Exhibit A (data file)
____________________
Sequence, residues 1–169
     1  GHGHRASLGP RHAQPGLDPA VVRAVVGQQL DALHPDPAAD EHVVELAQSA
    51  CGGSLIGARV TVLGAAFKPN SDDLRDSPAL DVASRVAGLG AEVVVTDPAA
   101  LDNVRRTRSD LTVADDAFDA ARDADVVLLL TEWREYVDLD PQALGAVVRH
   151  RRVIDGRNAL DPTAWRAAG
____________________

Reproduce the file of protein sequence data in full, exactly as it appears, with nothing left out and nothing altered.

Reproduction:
Sequence, residues 1–169
     1  GHGHRASLGP RHAQPGLDPA VVRAVVGQQL DALHPDPAAD EHVVELAQSA
    51  CGGSLIGARV TVLGAAFKPN SDDLRDSPAL DVASRVAGLG AEVVVTDPAA
   101  LDNVRRTRSD LTVADDAFDA ARDADVVLLL TEWREYVDLD PQALGAVVRH
   151  RRVIDGRNAL DPTAWRAAG